The search engine giant is not getting the results it wants and Google has turned to the courts to make NBCUniversal, Viacom, 21st Century Fox and a heavyweight law firm cough them up. In virtually identical filings in federal court in New York and Washington D.C. earlier this week, the tech giant seeks court orders to make the studios and lobbyists at Jenner & Block hand over subpoenaed internal documents that allegedly reveal the shadowy harmonized efforts behind an investigation of Google by Mississippi State Attorney General Jim Hood. As they have in the past, Google claims the Motion Picture Association of America strung together a “supposed consumer rights organization heavily funded by the MPAA called the Digital Citizens Alliance” to pursue “an anti-Google agenda” as well as provide cover for Hood.
“Google expects the documents will show that the Attorney General, the Subpoenaed Parties, and their lobbyists understood that his actions invaded the exclusive province of federal law,” said a memorandum of law attached to the motion filed in District Court on June 1 (read it here). “More fundamentally, the documents are likely to show that the Attorney General’s investigation was intended not to uncover supposed violations of Mississippi law, but instead to coerce Google into silencing speech that Viacom, Fox, and NBC do not like (such as search results, user-generated content and advertising), in violation of Google’s constitutional rights.” While mentioned frequently in both the NYC and DC filings, the MPAA is not formally named as a defendant though obviously the three studios that are named are all members of the lobby group.
“This is just the latest effort by Google to distract attention from legitimate questions about whether it is profiting from illegal activity online, including fake pharmaceuticals, fraudulent documents, stolen intellectual property and more,” a MPAA spokesperson said today in reaction to the filings. “Google is not above the law. Attorney General Hood should be allowed to investigate whether Google’s actions violate state consumer protection laws.”
After the so-called “Project Goliath” initiative was revealed out of leaks from the massive Sony hack late last year, the internet company on December 19 went after the endeavour by Hood and by definition his alleged studio puppet masters to resurrect the failed anti-piracy Stop Online Piracy Act of 2011 by other means. In March U.S. District Judge Henry T. Wingate threw out Hood’s attempt to dismiss the case and shut down the Mississippi probe into Goggle. The Judge also ruled that the company had successfully had shown a “substantial likelihood” it would prevail on First Amendment violations by Hood’s investigation. Actions by the AG of America’s 20th state would “produce a chilling effect on Google’s protected speech,” said Wingate.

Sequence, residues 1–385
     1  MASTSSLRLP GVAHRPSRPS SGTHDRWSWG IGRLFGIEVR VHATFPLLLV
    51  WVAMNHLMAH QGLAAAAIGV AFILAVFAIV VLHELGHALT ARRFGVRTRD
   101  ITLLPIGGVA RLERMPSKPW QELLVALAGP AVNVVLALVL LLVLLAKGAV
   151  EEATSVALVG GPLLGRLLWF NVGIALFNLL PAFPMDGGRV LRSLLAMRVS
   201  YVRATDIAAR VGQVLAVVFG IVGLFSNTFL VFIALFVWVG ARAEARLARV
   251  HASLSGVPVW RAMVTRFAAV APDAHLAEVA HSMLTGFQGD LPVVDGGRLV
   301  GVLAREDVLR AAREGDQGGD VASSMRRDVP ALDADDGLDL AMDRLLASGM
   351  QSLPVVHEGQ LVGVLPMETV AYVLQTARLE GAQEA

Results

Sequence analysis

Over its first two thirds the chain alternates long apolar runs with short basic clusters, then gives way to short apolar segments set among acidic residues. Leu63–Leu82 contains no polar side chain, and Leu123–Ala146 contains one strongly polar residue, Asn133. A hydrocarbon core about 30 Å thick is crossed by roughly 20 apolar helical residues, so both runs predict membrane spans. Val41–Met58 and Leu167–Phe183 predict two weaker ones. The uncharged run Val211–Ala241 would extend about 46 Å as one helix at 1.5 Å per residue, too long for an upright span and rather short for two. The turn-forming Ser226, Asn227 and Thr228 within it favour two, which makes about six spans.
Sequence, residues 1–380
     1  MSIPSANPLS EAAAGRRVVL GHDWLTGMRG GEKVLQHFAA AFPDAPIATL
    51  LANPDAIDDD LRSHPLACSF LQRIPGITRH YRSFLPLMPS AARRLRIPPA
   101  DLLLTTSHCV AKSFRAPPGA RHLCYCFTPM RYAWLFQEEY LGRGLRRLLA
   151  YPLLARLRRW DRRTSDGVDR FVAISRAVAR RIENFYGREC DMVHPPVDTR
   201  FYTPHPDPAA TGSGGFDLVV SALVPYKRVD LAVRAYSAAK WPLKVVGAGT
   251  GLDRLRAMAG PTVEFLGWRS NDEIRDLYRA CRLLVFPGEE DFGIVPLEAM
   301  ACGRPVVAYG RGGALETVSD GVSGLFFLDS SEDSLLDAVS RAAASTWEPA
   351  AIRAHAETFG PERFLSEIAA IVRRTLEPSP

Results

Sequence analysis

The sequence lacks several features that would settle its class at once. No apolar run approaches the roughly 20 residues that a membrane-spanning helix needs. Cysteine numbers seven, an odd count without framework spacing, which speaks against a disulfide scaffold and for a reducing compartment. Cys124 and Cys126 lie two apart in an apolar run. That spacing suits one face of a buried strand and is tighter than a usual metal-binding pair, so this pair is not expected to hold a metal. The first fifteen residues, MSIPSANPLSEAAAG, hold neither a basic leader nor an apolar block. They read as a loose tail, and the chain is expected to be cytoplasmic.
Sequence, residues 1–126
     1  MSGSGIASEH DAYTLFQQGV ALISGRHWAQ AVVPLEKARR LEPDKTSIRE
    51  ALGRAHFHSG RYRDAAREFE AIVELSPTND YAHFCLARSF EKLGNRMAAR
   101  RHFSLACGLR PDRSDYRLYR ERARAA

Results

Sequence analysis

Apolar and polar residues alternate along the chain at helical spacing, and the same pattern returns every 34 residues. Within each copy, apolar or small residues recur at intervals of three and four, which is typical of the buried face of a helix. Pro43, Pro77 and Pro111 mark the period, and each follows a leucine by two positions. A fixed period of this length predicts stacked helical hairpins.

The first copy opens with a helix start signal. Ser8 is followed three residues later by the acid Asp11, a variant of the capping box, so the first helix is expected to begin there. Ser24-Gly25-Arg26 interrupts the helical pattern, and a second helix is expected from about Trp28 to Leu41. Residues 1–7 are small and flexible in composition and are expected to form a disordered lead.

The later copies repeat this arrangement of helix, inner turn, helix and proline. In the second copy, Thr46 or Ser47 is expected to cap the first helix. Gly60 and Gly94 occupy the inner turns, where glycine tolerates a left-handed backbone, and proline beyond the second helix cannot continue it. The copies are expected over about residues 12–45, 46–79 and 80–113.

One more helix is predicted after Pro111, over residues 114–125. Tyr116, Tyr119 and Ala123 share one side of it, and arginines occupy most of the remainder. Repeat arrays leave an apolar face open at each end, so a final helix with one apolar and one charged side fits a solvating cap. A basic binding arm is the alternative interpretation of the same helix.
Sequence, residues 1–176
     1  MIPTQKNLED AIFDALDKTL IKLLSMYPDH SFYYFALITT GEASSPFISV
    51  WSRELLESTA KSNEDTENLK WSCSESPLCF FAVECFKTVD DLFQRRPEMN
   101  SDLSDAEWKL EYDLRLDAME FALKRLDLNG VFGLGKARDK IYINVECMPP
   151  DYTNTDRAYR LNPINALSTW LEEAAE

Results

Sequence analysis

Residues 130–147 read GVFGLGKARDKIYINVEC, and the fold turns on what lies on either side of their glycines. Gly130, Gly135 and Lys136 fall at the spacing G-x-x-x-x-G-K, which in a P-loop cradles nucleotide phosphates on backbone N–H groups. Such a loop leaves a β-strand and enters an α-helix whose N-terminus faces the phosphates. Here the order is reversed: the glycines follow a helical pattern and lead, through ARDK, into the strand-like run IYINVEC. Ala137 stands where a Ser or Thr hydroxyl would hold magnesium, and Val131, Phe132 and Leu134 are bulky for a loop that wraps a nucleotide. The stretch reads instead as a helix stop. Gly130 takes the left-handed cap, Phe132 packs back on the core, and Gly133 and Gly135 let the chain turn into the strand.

“Google subpoenaed the studios for information about behind-the-scenes maneuvering that fomented AG Hood’s violations of Google’s Constitutional and federal rights,” says the filing by lawyers Morris J. Fodeman, David Kramer and Michael Rubin of Wilson Sonsini Goodrich & Rosati’s NYC and Palo Alto offices. “To date, the Subpoenaed Parties have produced nothing. They have inexplicably delayed producing the few documents they agreed to turn over, and have objected that many of their documents, including internal notes or summaries of meetings with AG Hood, are irrelevant or protected by some unsubstantiated privilege,” the Google attorneys add. This week’s filings aside, sources tell me that the parties have been talking about what documents will be handed over and when – though this latest public and somewhat procedural move might make those negotiations a bit more tense.
“Viacom, Fox, and NBC all refuse to produce any documents until a confidentiality order is entered to shield the documents from public view,” the NYC filing notes. “Google’s case is directed to a matter of significant public concern: the prolonged coercion of Google by a public official in derogation of the free speech rights of both Google and its users.”
With a clear kick at the studios, the MPAA and Jenner & Block, Google concludes: “It is difficult to see why documents relating to those activities should be kept from the public.” Google want a hearing on their request on July 14.